Nelson, at the top of New Zealand’s South Island, regularly takes the title of sunniest city in the country. Sun seekers, outdoor enthusiasts, foodies, and culture lovers flock to Nelson for its mix of accessible mountains and beaches, its laid back vibe, and its creative dining and shopping. Plus, three of New Zealand’s 13 national parks are a short drive from Nelson, making the small city an ideal base for adventures in the "top of the south."
Nelson is highly popular with international and domestic travelers in the summer months from December through February, but the famously sunny weather and proximity to ski fields means it’s an attractive winter destination, too. Here are some of the best things to do in and around Nelson at any time of year.
Hike to the Center of New Zealand
Just north of central Nelson, on Botanical Hill, is the "Center of New Zealand" monument and lookout. Despite its name, it’s not actually the geographic center of New Zealand — that’s somewhere in the ocean. But 19th century surveyors used this as a central marker, and the myth stuck. The walk up, along a forested trail, isn’t too challenging, and the views of Nelson, the Tasman Bay, and the mountains beyond are beautiful. Keen hikers or mountain bikers can explore the trails that branch off the main track.
Shop at the Weekend Markets
The Nelson Saturday Market, on Montgomery Square in the central city, is a one-stop destination for locally made crafts, hand-made clothing, fresh produce, baked goods, and cooked food (international fare is well represented, with everything from French crepes to Sri Lankan curry). When the weather’s fine, the market absolutely buzzes with both locals and visitors. On Sundays, a smaller second-hand market is held in the same location. Both markets pack up at 1 p.m.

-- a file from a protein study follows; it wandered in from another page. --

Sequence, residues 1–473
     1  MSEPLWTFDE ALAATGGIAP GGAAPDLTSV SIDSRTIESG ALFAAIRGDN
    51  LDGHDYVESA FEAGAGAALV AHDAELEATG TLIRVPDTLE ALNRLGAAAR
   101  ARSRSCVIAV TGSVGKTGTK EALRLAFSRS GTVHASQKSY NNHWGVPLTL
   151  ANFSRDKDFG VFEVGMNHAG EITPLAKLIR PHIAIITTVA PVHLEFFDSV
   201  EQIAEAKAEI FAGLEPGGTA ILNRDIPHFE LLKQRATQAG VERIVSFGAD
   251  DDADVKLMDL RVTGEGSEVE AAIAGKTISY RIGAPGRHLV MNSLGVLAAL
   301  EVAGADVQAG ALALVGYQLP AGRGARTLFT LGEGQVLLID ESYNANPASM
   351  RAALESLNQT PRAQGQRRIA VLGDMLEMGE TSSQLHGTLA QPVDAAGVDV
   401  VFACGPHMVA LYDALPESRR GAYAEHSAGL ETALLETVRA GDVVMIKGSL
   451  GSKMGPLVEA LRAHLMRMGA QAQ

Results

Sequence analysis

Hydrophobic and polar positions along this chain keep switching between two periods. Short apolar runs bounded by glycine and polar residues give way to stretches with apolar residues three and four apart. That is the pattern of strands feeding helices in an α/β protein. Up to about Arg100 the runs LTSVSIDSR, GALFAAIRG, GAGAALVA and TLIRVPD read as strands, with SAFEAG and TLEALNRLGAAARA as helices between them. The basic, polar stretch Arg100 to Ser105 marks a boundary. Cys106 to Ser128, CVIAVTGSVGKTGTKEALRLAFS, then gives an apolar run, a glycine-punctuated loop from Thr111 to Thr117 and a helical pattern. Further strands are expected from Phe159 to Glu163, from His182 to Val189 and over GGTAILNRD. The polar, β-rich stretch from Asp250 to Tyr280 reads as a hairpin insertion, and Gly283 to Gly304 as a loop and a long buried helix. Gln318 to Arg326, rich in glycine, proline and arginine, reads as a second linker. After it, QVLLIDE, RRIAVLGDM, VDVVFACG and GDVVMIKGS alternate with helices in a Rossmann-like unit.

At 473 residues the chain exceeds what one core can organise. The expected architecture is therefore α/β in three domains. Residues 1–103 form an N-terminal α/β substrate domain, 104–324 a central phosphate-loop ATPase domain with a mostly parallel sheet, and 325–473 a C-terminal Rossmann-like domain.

Ski at the Rainbow Ski Area
Just east of Lake Rotoiti and within the Nelson Lakes National Park is the Rainbow Ski Area, on the northern edge of the Southern Alps. The varied ski runs cater to all levels of ability, and ski lessons are available. Spectacular views of Lake Rotoiti can be seen from the higher slopes. While winter is obviously the best time to ski, hiking and biking can be done the rest of the year.
Try Water Sports at Tahuna Beach
Tahuna Beach is a well-loved strip of white sand and calm waters, around three miles from central Nelson. The often breezy conditions yet calm waters make it a popular spot for all kinds of watersports, especially kite-surfing, paddle-boarding, and kayaking. In the summer, some gear can be rented beachside.
Be Wowed at WOW: World of WearableArt & Classic Car Museum
Until it moved across the Cook Strait to Wellington in 2005, the annual World of WearableArt competition was held in Nelson. Winning outfits are still displayed at this whimsical Nelson museum, which changes its exhibits regularly. The same complex houses a collection of more than 140 classic cars — although the juxtaposition of wearable art and old cars is a bit odd, there are many beautiful creations to check out in both sections of WOW. It’s located out by the airport, three miles from the central city.